SEE ALSO: Netflix faces charges for sexualizing children

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Entertainment

TWICE will feature in K/DA’s comeback EP

On the track called ‘I’ll Show You’

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Credit: Riot Games and JYPETWICE

Riot Games’ own girl group recent released a single called The Baddest” and it’s part of an album that also features popular K-Pop girl group TWICE.

TWICE will be featured in the track “I’ll Show You” along with Bekuh Boom, and Anika Wells). A representative from Riot Games confirmed to Polygon that all nine members of TWICE participated in the track. The other tracks in the album are as follows:

  • The Baddest (featuring Soyeon and Miyeon of (G)I-dle, Bea Miller, Wolftyla)
  • More (featuring Madison Beer, Soyeon and Miyeon of (G)I-dle, Lexie Liu, Jaira Burns, Seraphine)
  • Villain (featuring Madison Beer, Kim Petras)
  • Drum Go Dum (featuring Aluna, Wolftyla, Bekuh Boom)

K/DA is a virtual girl group that debuted in 2018. The group is composed of four themed versions of League of Legends heroes Ahri, Akali, Evelynn, and Kai’Sa.

American singers Madison Beer and Jaira Burns voiced Evelynn and Kai’Sa during their debut. They were replaced by Bea Miller and Wolftyla in 2020. Meanwhile, Ahri and Akali are voiced by Miyeon and Soyeon who are members of K-Pop girl group (G)I-dle.

TWICE is a K-Pop girl group that debuted in 2016 with the title track “Like OOH-AAH” and have since released hit after hit after their first comeback track “Cheer Up.” The group is preparing to release their second full album titled Eyes Wide Open on October 26 with the title track “I Can’t Stop Me.”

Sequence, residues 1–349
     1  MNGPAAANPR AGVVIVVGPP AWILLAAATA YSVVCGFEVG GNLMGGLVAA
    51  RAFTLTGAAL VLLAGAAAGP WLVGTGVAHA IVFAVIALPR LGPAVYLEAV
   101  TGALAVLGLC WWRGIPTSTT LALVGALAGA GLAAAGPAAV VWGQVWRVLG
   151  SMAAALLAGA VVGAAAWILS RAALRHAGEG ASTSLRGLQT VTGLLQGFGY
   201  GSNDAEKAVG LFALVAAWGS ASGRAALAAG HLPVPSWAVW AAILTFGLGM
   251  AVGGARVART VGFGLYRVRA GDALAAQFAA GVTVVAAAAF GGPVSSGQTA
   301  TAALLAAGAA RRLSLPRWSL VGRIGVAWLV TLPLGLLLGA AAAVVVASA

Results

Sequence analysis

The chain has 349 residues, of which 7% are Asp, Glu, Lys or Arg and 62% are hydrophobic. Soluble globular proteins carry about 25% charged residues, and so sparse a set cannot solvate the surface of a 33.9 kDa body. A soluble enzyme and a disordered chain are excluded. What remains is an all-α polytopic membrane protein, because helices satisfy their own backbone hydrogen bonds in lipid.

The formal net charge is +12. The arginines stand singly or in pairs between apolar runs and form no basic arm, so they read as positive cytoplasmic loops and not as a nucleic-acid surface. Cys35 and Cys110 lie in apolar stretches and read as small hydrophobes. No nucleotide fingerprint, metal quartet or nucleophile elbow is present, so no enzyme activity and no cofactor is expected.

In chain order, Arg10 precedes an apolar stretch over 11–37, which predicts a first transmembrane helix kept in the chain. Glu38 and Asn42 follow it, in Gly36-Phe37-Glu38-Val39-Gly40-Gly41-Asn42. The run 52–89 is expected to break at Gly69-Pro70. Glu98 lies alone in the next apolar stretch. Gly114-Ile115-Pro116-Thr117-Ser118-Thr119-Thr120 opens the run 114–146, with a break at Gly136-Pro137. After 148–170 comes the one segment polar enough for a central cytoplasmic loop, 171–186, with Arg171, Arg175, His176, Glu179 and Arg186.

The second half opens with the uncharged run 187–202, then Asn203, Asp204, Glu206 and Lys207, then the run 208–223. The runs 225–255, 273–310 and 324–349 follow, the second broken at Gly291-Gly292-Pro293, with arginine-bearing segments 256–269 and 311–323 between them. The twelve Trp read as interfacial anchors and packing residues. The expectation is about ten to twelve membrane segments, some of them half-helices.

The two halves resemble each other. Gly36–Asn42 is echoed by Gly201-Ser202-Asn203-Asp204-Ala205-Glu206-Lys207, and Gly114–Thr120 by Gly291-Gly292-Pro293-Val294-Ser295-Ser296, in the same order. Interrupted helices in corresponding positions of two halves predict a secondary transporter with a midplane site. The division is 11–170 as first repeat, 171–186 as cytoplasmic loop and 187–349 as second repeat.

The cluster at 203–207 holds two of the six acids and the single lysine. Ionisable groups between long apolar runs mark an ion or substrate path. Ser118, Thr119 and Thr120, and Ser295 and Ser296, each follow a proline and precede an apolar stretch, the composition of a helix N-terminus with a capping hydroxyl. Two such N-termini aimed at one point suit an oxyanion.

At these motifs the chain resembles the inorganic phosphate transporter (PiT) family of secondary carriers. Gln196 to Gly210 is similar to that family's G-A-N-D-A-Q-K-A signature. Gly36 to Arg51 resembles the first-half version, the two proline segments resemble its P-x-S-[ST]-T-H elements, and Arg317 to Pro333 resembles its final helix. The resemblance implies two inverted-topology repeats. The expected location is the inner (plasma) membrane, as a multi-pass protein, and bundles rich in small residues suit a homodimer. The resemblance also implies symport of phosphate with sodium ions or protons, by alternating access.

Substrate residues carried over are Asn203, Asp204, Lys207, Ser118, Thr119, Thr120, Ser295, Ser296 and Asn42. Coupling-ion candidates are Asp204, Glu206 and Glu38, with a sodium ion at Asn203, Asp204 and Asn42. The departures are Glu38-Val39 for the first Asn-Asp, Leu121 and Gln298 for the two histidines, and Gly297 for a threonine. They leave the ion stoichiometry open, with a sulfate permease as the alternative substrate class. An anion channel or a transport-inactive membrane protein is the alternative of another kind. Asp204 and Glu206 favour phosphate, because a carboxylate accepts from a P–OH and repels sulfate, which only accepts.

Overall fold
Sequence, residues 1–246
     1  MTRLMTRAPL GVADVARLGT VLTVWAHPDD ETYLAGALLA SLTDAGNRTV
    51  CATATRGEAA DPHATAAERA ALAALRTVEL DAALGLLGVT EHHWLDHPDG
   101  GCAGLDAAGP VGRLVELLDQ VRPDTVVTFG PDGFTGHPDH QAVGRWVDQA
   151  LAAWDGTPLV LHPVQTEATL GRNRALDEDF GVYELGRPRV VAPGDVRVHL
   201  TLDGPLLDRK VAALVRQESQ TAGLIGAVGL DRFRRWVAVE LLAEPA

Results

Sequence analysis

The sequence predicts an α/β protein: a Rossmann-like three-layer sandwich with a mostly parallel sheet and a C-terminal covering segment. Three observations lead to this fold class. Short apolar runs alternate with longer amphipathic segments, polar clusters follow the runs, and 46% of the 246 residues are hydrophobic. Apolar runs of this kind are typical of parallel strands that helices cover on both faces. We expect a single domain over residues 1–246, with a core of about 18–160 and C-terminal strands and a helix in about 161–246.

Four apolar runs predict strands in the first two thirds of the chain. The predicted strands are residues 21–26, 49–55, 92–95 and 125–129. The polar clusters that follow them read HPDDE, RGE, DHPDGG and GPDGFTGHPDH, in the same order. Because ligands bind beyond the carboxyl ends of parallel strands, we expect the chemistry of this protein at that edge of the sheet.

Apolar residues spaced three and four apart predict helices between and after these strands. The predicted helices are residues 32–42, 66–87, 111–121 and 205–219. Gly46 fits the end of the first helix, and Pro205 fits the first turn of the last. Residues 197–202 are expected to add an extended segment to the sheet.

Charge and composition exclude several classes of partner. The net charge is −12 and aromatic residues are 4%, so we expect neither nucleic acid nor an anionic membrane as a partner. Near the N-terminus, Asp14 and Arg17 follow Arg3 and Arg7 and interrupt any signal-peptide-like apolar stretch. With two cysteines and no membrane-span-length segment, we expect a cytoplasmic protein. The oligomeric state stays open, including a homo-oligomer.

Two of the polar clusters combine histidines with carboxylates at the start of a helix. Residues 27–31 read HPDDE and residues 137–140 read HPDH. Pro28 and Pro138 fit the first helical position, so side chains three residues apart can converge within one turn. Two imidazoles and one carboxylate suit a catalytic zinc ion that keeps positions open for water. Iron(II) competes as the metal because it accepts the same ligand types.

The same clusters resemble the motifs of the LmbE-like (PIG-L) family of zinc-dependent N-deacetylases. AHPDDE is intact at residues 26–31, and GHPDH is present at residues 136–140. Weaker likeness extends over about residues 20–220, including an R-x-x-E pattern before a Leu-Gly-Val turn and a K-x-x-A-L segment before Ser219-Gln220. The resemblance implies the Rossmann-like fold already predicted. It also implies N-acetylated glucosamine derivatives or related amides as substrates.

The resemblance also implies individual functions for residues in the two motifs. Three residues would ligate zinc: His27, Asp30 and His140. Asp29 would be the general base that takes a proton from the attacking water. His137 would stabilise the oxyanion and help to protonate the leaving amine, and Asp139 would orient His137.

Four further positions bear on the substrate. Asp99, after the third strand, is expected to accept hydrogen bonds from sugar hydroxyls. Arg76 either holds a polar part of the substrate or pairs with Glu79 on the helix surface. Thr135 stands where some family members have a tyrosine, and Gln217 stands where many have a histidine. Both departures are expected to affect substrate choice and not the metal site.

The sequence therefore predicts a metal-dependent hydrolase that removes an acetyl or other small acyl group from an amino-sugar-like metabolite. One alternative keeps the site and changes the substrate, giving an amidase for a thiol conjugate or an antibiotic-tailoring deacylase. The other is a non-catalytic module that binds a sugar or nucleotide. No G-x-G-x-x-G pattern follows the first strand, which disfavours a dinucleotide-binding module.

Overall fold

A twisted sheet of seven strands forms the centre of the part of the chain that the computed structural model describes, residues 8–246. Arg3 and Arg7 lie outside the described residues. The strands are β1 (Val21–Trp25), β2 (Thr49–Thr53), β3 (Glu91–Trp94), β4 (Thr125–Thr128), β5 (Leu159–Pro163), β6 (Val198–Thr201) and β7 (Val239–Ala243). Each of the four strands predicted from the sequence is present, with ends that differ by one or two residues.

h/t: Polygon


SEE ALSO:
What is TWICE’s GadgetMatch?
Making TWICE art with the Samsung Galaxy Tab S7+
Watching TWICELIGHTS on a 75″ Samsung 4K QLED TV

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Netflix faces charges for sexualizing children

Over controversial film “Cuties”

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Contrary to what you might expect, Netflix’s most controversial film this year is not The Social Dilemma. Released on Netflix this year, Cuties, a French film about 11-year old girls, sparked a larger wave of controversy since its release. Now, Netflix faces charges for sexualizing children.

A grand jury in Texas recently indicted Netflix for showing Cuties on its platform. According to Texas Representative Matt Schaefer, the film “depicts lewd exhibition of [the] pubic area of a clothed or partially clothed child who was younger than 18 years of age which appeals to the prurient interest of sex.”

Texas’s allegations stem from the film’s poster controversy back in August. To promote the film, Netflix used a poster depicting the child actresses posing like a sexualized pop band. Notably, the film’s original French poster was more innocuous, lacking Netflix’s sexual overtones.

The film itself is “a social commentary against the sexualization of young children,” as explained by Netflix in a statement to Reuters. “This charge is without merit and we stand by the film.”

For its part, the platform took down their poster and apologized for the blunder. Regardless, numerous pundits and governments across the globe have rallied against and banned the film from showing. Before the poster controversy in August, the film won an award during its premiere at January’s Sundance Film Festival.

SEE ALSO: How to set and use parental controls on Netflix